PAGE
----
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Everyone Should Have a Real Chance to Defend Their Anonymity

UPDATE (August 10, 2017): The court hearing the case ordered [.pdf] the unsealing of EFF's letter brief, which you can read here [.pdf]. Because the case is entirely under seal, EFF had to file its brief under seal and could not immediately publish the letter. 

In the United States, everyone – even people accused of offensive conduct – has the right to communicate anonymously, and that right should never be infringed without due process. Our Constitution guarantees this, whether your speech is popular or distasteful. At the same time, people who have been harmed by an anonymous speaker also have a right to seek justice, and, where necessary, that process can include unmasking the speaker.

Following a rash of bogus defamation lawsuits designed primarily to unmask anonymous online speakers and retaliate against them, courts around the country adopted legal tests to determine when people suing anonymous speakers are entitled to unmask them. Recognizing the First Amendment interests at stake, these tests require plaintiffs to establish the legitimacy of their claims and their need for the information.

But as we explained in a letter brief filed today in a New York state court, those tests mean little if they are not applied rigorously, and if the speaker in question doesn't have a chance to raise the issue at all. (The brief is currently under seal, but watch this space – we'll be asking the court to unseal it promptly).

Unfortunately, that's precisely what is about to happen to almost 300 Tumblr users who reblogged a sexually explicit video of a 17-year-old girl created 10 years ago. The person in the video (suing as Jane Doe) thought it had been destroyed, but she recently discovered it had been posted on Tumblr and then reblogged hundreds of times. She wants to sue those users for distribution of child pornography and intentional infliction of emotional distress. To help her do so, a New York judge has ordered Tumblr to disclose account information for those users. Tumblr pushed back, and managed to narrow the number of users affected. Nonetheless, last week Tumblr notified those users that their account information would be disclosed unless they challenged the order by July 7. In other words, the users had just 10 days – including a major holiday weekend – to read the notice, find a lawyer, and run to court to defend their anonymity.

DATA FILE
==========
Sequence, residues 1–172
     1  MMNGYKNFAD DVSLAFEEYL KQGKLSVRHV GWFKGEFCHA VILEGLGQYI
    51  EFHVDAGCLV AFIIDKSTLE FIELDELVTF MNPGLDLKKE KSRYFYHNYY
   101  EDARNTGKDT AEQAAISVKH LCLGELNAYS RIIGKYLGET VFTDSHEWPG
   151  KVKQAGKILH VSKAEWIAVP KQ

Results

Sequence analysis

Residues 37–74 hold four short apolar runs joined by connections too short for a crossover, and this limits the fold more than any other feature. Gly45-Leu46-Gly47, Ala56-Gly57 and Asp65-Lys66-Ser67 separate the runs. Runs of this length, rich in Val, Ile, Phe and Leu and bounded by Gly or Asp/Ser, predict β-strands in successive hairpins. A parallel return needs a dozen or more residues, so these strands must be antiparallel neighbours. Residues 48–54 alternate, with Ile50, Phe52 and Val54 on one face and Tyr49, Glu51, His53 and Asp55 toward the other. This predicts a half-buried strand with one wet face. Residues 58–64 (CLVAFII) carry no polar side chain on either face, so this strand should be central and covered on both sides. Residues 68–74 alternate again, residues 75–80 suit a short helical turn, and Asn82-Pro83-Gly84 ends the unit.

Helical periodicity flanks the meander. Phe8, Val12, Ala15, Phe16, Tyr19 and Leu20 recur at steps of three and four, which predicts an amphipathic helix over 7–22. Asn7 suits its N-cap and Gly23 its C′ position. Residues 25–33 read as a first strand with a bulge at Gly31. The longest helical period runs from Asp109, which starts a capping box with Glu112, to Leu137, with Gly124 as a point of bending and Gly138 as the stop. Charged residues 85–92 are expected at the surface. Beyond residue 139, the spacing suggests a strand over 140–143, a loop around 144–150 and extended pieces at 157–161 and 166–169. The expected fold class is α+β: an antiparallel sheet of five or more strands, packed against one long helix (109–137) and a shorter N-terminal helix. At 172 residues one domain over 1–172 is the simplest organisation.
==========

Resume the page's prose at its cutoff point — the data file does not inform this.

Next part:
To be clear, if the allegations are true, the plaintiff in this case has been wronged. But that's just the thing – First Amendment protections for anonymous speech never disappear, no matter how awful the defendant's alleged act. In fact, that's when the protection is most needed. Depending on how the plaintiff handles the case, close to 300 Tumblr users risk being publicly associated with child pornography. Those users will be under tremendous pressure to settle any claims, whether or not they have valid defenses. Once lost, their anonymity cannot be recovered and the association cannot be undone. And keep in mind that Tumblr, no matter how careful it tries to be, may disclose the wrong account information.

The court initially demanded disclosure within just five days, so 10 days is an improvement. But it's still far too little time, especially given that the harm to the plaintiff has already occurred. There is no immediate need to disclose account information without giving the anonymous speakers sufficient time to challenge the propriety of the order and/or the accuracy of Tumblr's identification. So we're asking the court to first apply the legal test required by the First Amendment to unmask anonymous speakers, and, if the test is satisfied, to extend the deadline for disclosure so that users can challenge the order if they have a legitimate basis to do so (e.g., because they were improperly identified, or not subject to the jurisdiction of the court).

We don't tell the court how to rule once it has applied the test required by the First Amendment. If the standards are met, the court may authorize disclosure. But sidestepping the test altogether is wrong. We urge the court to do the right thing, and follow the Constitution.

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